Heart Failure Drug Shows Promise

Monday, 02 Sep 2013 10:28 AM

 

Share:
  Comment  |
   Contact Us  |
  Print  
|  A   A  
  Copy Shortlink
An experimental drug from Novartis to treat heart failure proved equally effective regardless of the age of patients or whether they had other medical problems, clinical trial results presented on Monday showed.

The drug, serelaxin, which is a form of a human hormone that relaxes blood vessels and eases stress on the heart and other organs, is viewed as an important medicine in the Swiss drugmaker's developmental pipeline.

Analysts at Jefferies expect the drug to generate peak sales of $1.5 billion a year.

Results from a Phase III study last November found it reduced deaths by 37 percent compared with placebo - and the latest data offers further insight by showing how it performed in different patient sub-groups.

The drug led to reduced dyspnea, or breathlessness, and fewer deaths after six months in all patient groups, including those with impaired kidney function, those aged 75 or older, and those with atrial fibrillation, or irregular heartbeats.

The new findings were presented at the European Society of Cardiology congress in Amsterdam, where heart doctors have highlighted the enormous need for new treatments for acute heart failure, in which the heart is unable to pump enough blood.

Some 2 million patients are hospitalized each year in Europe and United States as a result of heart failure, and about half of all patients die within five years of being diagnosed with the condition.

Medical treatment of heart failure has changed little since the 1970s but Novartis hopes serelaxin will soon offer cardiologists a new therapy option.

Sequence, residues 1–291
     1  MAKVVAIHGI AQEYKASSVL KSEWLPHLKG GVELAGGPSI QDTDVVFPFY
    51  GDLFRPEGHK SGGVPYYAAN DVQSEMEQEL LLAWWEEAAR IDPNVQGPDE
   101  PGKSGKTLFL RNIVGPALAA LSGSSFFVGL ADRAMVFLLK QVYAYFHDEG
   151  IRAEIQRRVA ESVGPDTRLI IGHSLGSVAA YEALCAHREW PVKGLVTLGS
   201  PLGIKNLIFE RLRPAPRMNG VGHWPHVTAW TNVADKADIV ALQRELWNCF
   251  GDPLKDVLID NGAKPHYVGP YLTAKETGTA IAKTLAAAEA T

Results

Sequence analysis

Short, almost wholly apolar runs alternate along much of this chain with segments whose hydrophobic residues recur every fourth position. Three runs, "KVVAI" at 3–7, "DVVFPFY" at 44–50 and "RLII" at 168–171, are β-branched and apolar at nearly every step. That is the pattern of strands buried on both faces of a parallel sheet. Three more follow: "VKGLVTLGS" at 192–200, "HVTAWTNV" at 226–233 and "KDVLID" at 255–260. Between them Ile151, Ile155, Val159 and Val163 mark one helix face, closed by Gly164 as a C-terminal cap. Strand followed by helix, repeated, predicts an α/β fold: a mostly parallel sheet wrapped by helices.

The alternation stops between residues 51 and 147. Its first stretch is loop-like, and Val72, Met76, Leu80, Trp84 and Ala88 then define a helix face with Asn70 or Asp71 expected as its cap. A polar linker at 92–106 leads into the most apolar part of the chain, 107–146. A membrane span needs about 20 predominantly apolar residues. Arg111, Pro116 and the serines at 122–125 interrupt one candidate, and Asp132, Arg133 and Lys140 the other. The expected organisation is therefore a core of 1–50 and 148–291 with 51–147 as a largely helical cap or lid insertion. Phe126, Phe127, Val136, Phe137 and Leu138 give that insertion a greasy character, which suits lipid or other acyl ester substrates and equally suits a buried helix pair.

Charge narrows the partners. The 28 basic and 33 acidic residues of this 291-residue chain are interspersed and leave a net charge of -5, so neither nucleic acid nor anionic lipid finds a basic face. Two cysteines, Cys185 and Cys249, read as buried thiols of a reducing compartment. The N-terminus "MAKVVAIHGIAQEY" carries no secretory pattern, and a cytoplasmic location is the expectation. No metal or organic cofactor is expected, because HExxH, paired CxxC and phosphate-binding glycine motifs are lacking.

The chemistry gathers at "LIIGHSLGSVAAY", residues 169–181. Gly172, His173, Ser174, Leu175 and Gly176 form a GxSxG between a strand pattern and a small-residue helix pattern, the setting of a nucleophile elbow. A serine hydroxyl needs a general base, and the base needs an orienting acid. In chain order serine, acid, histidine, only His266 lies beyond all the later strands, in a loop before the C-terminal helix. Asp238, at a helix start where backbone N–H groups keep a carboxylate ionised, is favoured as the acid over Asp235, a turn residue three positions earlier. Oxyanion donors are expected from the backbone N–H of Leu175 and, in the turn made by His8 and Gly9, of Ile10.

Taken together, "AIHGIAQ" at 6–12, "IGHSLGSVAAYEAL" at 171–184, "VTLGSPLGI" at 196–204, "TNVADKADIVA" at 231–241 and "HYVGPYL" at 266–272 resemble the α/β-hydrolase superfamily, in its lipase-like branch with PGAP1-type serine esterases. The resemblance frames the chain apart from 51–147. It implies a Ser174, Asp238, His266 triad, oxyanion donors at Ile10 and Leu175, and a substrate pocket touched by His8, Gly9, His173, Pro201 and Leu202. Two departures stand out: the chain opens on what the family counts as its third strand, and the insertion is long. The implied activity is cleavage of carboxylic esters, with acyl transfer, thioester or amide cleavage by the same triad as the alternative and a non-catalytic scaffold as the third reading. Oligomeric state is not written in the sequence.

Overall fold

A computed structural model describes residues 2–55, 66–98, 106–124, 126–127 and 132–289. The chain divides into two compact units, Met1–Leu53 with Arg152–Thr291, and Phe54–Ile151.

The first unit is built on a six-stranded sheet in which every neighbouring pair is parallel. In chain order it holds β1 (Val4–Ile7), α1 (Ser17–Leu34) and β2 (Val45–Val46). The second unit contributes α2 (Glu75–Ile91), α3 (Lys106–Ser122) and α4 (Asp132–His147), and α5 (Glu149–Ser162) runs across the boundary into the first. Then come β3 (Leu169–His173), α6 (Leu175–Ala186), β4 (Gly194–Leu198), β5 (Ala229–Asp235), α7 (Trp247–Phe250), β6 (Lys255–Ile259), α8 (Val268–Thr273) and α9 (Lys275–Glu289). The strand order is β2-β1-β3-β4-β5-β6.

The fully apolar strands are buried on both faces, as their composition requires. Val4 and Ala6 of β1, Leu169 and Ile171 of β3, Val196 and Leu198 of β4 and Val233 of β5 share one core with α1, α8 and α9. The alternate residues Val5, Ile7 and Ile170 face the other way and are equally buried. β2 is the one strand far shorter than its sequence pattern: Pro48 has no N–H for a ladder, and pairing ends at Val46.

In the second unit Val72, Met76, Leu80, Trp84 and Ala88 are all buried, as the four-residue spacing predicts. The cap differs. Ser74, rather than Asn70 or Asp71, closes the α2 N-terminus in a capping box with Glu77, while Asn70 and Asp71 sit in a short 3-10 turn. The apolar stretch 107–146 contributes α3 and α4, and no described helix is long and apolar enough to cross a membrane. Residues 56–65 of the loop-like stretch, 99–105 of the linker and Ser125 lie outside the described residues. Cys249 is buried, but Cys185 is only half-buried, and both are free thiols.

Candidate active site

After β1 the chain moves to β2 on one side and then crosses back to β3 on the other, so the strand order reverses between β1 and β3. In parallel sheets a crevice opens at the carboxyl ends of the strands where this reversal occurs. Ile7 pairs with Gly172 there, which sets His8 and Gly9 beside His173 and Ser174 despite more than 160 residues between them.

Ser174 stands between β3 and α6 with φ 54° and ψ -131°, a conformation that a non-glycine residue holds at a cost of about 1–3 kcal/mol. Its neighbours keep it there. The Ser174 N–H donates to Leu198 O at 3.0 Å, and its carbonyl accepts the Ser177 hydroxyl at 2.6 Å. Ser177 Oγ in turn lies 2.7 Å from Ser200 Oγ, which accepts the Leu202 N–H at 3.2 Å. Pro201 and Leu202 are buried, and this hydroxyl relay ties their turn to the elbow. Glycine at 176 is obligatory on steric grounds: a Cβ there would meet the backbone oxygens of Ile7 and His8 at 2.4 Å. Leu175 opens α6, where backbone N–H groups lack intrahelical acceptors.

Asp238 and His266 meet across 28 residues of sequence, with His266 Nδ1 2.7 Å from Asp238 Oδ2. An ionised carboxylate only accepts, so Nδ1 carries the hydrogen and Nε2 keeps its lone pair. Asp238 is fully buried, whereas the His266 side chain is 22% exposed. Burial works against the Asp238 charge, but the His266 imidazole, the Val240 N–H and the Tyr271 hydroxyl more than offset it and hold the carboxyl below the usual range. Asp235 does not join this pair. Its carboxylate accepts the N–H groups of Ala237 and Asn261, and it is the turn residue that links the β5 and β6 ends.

U.S. regulators in June gave serelaxin "breakthrough therapy" status, potentially fast-tracking its development and approval.

The Novartis drug is currently being assessed by health authorities around the world, including the U.S. Food and Drug Administration and the European Medicines Agency.

Novartis previously disclosed that while serelaxin met one of the study's two primary goals by reducing deaths and relieving dyspnea, it failed to hit a secondary combined objective of lowering cardiovascular death and reducing the need for patients to go back into hospitals.

Researchers view the life-saving benefit as the more important measure, although many still want to see further evidence of the drug's performance given past disappointments in the field.

© 2014 Thomson/Reuters. All rights reserved.

Share:
  Comment  |
   Contact Us  |
  Print  
  Copy Shortlink
Around the Web
Join the Newsmax Community
Please review Community Guidelines before posting a comment.
>> Register to share your comments with the community.
>> Login if you are already a member.
blog comments powered by Disqus
 
Email:
Retype Email:
Country
Zip Code:
Privacy: We never share your email.
 
Follow Newsmax
Like us
on Facebook
Follow us
on Twitter
Add us
on Google Plus
Around the Web
Top Stories
You May Also Like

Twitter Helps Pinpoint Food Poisoning Sources

Wednesday, 27 Aug 2014 08:03 AM

When Chicago health officials saw Twitter users complaining about local food poisoning episodes, they reached out on Twi . . .

Ebola Workers Lack Protective Gear: WHO

Wednesday, 27 Aug 2014 07:53 AM

Health care workers in poor nations often do not have enough protective gear to keep them safe from being infected with  . . .

Heart Study Participants Don't Reflect Real-World Patients

Wednesday, 27 Aug 2014 07:46 AM

People who take part in clinical trials of new heart disease treatments are generally younger and healthier than the typ . . .

Most Commented

Newsmax, Moneynews, and Independent. American. are registered trademarks of Newsmax Media, Inc. Newsmax TV, NewsmaxWorld, NewsmaxHealth, are trademarks of Newsmax Media, Inc.

 
NEWSMAX.COM
America's News Page
©  Newsmax Media, Inc.
All Rights Reserved